BY: ED GIGANTI
Ed Giganti is senior director, ministry leadership development,
Catholic Health Association, St. Louis.
In 1993, CHA initiated the first ministry-wide empirical research
into the competencies required for outstanding leadership in
Catholic health care. The result of that research project, a
model of 18 competencies, was introduced to the ministry at
the 1994 Catholic Health Assembly in Philadelphia.
Known as the Transformational Leadership Model, this set of
18 interrelated competencies — including skills, knowledge, social
roles, self-image, traits, and motives — presented a striking
description of leaders who synthesize spirituality and business
expertise in a seamless approach that facilitates delivery of
outstanding health care services to communities. The excellent
leaders studied in that research, both religious and lay, operated
from a basis of personal spirituality that was manifested in
their thoughts and actions. Personal spirituality, the research
showed, was the most salient and powerful factor of leadership
that created a positive organizational climate and enhanced
service to the community.
At the end of the 1990s, CHA and the Catholic health systems
that formed the Partners for Catholic Health Ministry Leadership
coalition revisited the earlier competency research to update
the model in response to feedback about its complexity. A new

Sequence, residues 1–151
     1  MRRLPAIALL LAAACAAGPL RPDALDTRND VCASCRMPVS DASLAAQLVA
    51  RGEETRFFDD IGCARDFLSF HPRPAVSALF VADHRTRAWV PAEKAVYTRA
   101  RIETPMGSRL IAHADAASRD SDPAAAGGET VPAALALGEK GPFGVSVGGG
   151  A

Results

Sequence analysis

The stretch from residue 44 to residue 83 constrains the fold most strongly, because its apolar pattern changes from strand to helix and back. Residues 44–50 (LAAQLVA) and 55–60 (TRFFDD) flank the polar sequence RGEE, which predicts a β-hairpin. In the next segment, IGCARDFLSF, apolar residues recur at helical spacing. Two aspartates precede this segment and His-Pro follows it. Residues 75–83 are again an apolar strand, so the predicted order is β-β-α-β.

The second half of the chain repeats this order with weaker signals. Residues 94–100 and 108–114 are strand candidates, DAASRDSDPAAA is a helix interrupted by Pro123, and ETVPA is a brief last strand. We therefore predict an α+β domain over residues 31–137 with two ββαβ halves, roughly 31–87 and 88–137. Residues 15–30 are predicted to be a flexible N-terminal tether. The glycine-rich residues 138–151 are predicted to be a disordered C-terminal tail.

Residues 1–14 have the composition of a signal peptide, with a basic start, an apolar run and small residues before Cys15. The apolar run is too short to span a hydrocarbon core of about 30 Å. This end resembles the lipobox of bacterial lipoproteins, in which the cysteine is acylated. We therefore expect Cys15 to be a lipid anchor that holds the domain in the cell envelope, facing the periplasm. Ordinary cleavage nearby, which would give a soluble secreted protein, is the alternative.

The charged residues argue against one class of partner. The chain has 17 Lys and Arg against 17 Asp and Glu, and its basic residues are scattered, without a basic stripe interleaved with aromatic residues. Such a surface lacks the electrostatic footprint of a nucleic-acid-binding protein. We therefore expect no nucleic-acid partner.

model, the Mission-Centered Leadership Competency Model,* was
developed and released to the ministry in 1999. The model consists
of eight competencies grouped into four clusters: Vocation,
Values, Focus, and Action.
* Mission-Centered Leadership Competency Model © 1999 by
The Catholic Health Association of the United States and Hay
Acquisition Co., Inc. (assignee from and licensor to Hay Group,
Inc., and its affiliates).
In the years since the identification of the first ministry
leadership competencies, many Catholic health systems — large
and small — have developed competency models specific to their
own organizational cultures and values. Working with internal
and external consultants and using a variety of methods, these
systems have named sets of competencies and built corresponding
processes for leader selection, assessment, development, and
Some systems' competency models incorporate components of
CHA's Mission-Centered Leadership Competency Model, most often
the competencies of the Vocation and Values clusters. Other
systems' models show a high degree of similarity to the CHA
model. Although not a comprehensive study of competency models
in use across the ministry, a recent comparison of several systems'
models indicates a consistency in the way Catholic health care
systems describe the core characteristics of effective leaders.†
† Systems refine their competency models as needed. This
comparison of competencies reflects models in use at the beginning
In CHA's Mission-Centered Leadership Competency Model, two
competencies make up the Vocation Cluster: Spiritual Grounding
Spiritual Grounding Spiritual Grounding is described
as the ability to reflect and call on the spiritual resources
of the Catholic health care tradition, the leader's own personal
faith, and the faith of coworkers. These personal and collective
spiritual resources supply the deep grounding, motivation, and
resolve that are necessary to carry out the ministry. They also
provide a larger context of meaning for the day-in, day-out
work of health care. Effective leaders have an inner spiritual
life that translates into external action.
The set of competencies underpinning leadership development